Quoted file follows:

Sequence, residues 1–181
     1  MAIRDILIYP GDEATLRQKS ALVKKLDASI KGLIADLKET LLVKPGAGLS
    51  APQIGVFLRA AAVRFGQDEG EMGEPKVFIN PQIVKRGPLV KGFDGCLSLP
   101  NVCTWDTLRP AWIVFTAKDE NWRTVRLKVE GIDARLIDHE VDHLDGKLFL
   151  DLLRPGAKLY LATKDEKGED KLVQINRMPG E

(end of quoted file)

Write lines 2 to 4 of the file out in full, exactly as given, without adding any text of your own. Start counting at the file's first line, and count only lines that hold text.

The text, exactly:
     1  MAIRDILIYP GDEATLRQKS ALVKKLDASI KGLIADLKET LLVKPGAGLS
    51  APQIGVFLRA AAVRFGQDEG EMGEPKVFIN PQIVKRGPLV KGFDGCLSLP
   101  NVCTWDTLRP AWIVFTAKDE NWRTVRLKVE GIDARLIDHE VDHLDGKLFL